When I first got into paramotoring got USHPA paraglider training because there was nothing standard in paramotoring. That  wouldn’t do. I went to Jeff Williams who guided me through my P2 rating.During those two freeflight periods I discovered how cool soaring was. That’s not surprising, given that my first flying was gliders, but this turned out to be even cooler. You could feel the air. And coring a thermal is an identical process. Afterwards getting my P2 it was time for propulsion. 

I remember when one seller said that “I’m not interested in tire kickers” so I thanked him and moved on. After all, I was indeed a tire kicker and had questions before shelling out $3000–the going price for a direct drive which was common at the time for lightweight pilots. Mind you these were Wright Brother’s dollars–it was a long time ago.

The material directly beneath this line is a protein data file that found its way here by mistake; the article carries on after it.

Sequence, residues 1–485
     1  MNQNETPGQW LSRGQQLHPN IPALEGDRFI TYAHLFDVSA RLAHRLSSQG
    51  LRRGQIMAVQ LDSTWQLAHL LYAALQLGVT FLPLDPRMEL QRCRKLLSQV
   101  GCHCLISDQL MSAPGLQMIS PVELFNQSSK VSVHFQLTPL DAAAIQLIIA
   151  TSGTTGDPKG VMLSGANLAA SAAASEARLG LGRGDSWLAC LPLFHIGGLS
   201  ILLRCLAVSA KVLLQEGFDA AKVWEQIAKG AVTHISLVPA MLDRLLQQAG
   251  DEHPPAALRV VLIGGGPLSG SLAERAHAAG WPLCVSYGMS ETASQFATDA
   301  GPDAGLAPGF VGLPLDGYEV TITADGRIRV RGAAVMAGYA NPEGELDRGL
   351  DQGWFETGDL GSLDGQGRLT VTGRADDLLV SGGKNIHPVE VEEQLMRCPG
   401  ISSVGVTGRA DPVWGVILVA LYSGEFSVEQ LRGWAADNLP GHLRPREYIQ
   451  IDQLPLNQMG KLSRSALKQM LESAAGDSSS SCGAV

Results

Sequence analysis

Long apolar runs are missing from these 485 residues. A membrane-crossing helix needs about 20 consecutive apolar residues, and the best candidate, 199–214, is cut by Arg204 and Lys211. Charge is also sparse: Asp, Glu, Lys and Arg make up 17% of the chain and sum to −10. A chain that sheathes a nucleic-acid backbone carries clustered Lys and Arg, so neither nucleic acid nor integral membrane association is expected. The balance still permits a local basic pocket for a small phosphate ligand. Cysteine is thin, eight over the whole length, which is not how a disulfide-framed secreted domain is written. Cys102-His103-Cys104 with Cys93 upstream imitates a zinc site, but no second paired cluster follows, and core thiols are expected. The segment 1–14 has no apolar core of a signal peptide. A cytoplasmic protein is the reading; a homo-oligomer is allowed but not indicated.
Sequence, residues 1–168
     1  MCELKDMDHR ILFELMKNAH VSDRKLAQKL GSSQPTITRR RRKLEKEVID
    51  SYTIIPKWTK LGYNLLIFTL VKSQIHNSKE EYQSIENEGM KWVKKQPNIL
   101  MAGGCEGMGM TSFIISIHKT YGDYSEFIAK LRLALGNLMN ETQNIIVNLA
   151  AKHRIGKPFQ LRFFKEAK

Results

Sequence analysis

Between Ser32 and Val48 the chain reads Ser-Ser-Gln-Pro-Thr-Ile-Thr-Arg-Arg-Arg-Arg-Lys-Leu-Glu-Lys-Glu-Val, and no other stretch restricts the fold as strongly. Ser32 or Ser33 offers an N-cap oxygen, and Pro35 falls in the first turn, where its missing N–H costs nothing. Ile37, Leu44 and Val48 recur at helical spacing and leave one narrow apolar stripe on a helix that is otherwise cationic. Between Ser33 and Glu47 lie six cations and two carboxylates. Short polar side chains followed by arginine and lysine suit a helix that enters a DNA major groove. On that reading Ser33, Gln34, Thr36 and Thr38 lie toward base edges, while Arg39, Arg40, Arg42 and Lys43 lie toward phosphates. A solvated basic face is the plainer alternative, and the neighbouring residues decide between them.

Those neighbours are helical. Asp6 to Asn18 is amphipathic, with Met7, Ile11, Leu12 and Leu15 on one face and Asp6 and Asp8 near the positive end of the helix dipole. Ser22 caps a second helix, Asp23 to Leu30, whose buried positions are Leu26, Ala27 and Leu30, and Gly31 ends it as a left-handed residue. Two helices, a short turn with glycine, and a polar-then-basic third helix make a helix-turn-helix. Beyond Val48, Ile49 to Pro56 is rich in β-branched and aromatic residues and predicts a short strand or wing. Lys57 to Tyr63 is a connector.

Javier at Aerolight was willing to answer questions and said he knew a guy. That turned out to be Mark Sorenson, then a pilot for Air Tran, who was also teaching paramotor and selling a modified Fly 70 that he called a Fly 75 owing to its bigger prop. We agreed on the price and inclusion of a day of training.

It was pretty humorous during that training when the wind picked up and skittered my flailing arse halfway across a gravel lot. “You’ll have to take that harness now, you know.” I still have that paramotor (2019) and it still sports that road rash.

Once I got this kit home there was no stopping. I would fly every day the weather cooperated. I would leave the house early so nobody could catch me at home. Given that I lived on an airport with a nice grass runway it didn’t take much driving.

I was completely taken by the idea of draggin my feet in the grass then throttle up into flight again, soaring around my home area and the nearby prairie preserve. At first I’m sure it didn’t always work out and my foot drags turns into runs, but at least I was already on the ground and could just run back into flight.

I’ve been told by a number of people that seeing my fly around there is what inspired them to get into the sport. The Internet wasn’t a big deal in 1999. Those were the days, and they were just getting started.

Above are various pictures of me with the Fly 75 and Apco Santana 28. Time has lost who took the pictures.